If there were such a thing as a popularity contest for continents, then the current winner certainly would be Africa. It's the region on every activist's and celeb's mind, embraced by the cult of the marquee names such as Bono and Oprah. Africa has transformed into the nexus of all that needs fixing in the world: AIDS, poverty, war, sexual exploitation. It's the moral fulcrum in our global seesaw.
Since its inception in 1992, the Los Angeles-based Pan African Film Festival has been way ahead of the Afri-chic curve. Dedicated to making the continent a part of the global black consciousness, the festival addresses the totality of black experience including America, Europe, the Caribbean, the South Pacific and Australia.
Beginning in 1998, the PAFF has organized a film series during the National Black Arts Festival. Along with its international array of films, this year's PAFF (July 23-29) also includes Rewind, a retrospective of classic African-American cinema featuring Julie Dash's Daughters of the Dust, and Charles Burnett's To Sleep With Anger and Killer of Sheep.
Some of our highlights for this year's festival:
Rwanda Rising 3 stars (Sunday, July 29, 5 p.m., Rich Theatre), with Q&A featuring Andrew Young
An appropriate reflection of this year's PAFF theme of "Healing, Reconciliation and Resolution," this documentary set in postgenocide Rwanda is the kind of programming that could certainly make for long postscreening debate. Almost as surreal as the notion of a 1994 genocide so vast that entire families were wiped out in the blink of an eye is the astounding aftermath documented in Rwanda Rising. Made by the Atlanta-based team of CB Hackworth and former U.N. Ambassador and Atlanta Mayor Andrew Young – who produced and co-wrote the film and appears on camera throughout – the film centers on the seemingly miraculous recovery of the country a decade later and the capacity of its people to forgive even the most horrific crimes. Though the broadcast-TV production values are stodgy and the documentary can often have the boosterish feel of a Rwandan tourism-board ad, there is also plenty to recommend in this film about the country's psychological and economic healing. The implicit point is well-made that we tend to ignore and then fetishize the most horrific dimensions of the genocide and fail to recognize the humanity of its victims and their inspiring capacity to remake the world in a new way. – Felicia Feaster
A Sunday in Kigali 2 stars (Sunday, July 29, 2 p.m., Hill Auditorium)
Director Robert Favreau's overheated drama is an entirely different take on the Rwandan genocide. Often gratuitously visualizing the violence that overtook the country, A Sunday in Kigali tells the conventionalized story of an older Canadian journalist (Luc Picard) who falls in love with a stunning Tutsi hotel waitress (Fatou N'Diaye) on the eve of the genocide. The film is often a good illustration of why dwelling on this real-life nightmare, especially as a backdrop for a star-crossed love story, may not be the most dignified approach. Perhaps most disturbing is how the film takes on the character of a horror film as audiences will undoubtedly inwardly scream at Picard as he drags his feet about getting out of Rwanda. – Feaster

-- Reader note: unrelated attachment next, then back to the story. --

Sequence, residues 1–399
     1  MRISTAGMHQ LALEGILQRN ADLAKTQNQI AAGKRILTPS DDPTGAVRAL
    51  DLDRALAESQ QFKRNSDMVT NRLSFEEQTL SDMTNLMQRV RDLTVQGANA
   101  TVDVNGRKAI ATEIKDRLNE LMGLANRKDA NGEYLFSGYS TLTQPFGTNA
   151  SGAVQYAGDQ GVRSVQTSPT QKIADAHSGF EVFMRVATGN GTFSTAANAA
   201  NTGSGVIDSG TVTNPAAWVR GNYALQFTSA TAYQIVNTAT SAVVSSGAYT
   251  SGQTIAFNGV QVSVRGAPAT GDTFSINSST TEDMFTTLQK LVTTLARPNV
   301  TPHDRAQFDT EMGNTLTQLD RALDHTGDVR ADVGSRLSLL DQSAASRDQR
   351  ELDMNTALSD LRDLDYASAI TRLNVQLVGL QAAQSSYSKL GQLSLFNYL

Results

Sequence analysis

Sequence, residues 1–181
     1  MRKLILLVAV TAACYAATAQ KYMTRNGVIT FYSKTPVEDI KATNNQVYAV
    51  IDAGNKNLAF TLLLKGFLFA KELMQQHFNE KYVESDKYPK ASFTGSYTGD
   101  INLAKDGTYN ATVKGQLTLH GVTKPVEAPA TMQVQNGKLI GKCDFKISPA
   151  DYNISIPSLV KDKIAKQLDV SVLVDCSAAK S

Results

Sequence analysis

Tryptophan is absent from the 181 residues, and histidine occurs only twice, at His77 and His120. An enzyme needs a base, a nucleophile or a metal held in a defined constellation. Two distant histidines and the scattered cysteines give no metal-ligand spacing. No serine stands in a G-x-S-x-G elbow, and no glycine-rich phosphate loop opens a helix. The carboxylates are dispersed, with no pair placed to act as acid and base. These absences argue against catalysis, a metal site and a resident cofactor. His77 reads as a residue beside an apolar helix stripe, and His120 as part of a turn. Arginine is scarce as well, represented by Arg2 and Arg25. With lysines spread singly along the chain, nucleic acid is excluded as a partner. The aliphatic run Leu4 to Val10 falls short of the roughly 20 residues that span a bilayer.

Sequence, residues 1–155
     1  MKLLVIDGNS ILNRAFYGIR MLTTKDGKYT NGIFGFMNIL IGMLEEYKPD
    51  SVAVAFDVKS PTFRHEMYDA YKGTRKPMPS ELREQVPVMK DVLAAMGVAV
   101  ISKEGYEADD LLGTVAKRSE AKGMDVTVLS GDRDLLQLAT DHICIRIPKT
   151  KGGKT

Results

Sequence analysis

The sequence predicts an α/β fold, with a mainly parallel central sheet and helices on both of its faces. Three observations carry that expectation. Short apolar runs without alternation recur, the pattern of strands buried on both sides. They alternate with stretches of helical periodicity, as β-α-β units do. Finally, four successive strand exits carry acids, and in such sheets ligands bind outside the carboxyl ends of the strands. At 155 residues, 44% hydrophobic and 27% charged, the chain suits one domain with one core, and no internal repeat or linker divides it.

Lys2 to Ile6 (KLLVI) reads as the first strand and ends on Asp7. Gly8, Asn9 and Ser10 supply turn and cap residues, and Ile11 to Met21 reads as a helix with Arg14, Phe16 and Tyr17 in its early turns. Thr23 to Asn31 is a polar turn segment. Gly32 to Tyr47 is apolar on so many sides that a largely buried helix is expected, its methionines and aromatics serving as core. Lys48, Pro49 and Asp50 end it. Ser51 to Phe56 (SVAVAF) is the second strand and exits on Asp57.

Salud! 3 stars (Friday, July 27, 7:50 p.m., Rich Theatre)
If you've seen the medical documentary Sicko, you may question Michael Moore's adulatory portrait of the Cuban health-care system. Salud!, with its white-coated Cuban "family doctors" making house calls, offers a second opinion that's even more positive and persuasive than Sicko's. Connie Field explores not only how Cuba built up a world-class public health system on a Third World budget, but also how it sets an example for other developing countries such as the Gambia and Honduras. Diplomatic experts such as Jimmy Carter acknowledge that Cuba's globe-trotting physicians provide international public-relations value as well as humanitarian relief. Mostly Salud! only touches on politics by exploring the solidarity the Cuban doctors feel for other poverty-stricken populations, and their stories of penniless rural patients could reduce a stone to a blubbering wreck. Salud! includes some intriguing infighting between the Cuban doctors and the native medical professions of some of the countries they visit. Mostly the film gives Cuba's health-care system such a sunny diagnosis that, to switch metaphors, you wish Field played devil's advocate a little more often. – Curt Holman
Zaïna: Rider of the Atlas 3 stars (Saturday, July 28, 1:35 p.m., Rich Theatre)
"Once upon a time," 11-year-old Zaïna (Aziza Nadir) flees her powerful, wicked stepfather (Simon Abkarian) across the North African desert with the father (Sami Bouajila of Indigenes) she didn't know she had. In this Moroccan/French/German co-production, director Bourlem Guerdjou presents an archetypal folktale of universal appeal, set among nomadic horsemen en route to a famous race. Guerdjou crafts lovely shots of the inhospitable scenery worthy of a small-scale Lawrence of Arabia, and it's welcome to see cinematic swordplay between combatants who are not indestructible pirates or martial artists. It takes awhile for the actors to warm up, but Nadir and Bouajila share some moments of lovely father-daughter bonding, inspired by the characters' love of horses. The final horse race proves impossible to resist, even though the Rocky-like stand-up-and-cheer aspects don't seem to square with this strict Muslim society's unequal treatment of the sexes. Overall, Western audiences may appreciate Zaïna's apolitical, family-friendly portrait of an easily demonized Islamic culture. – Holman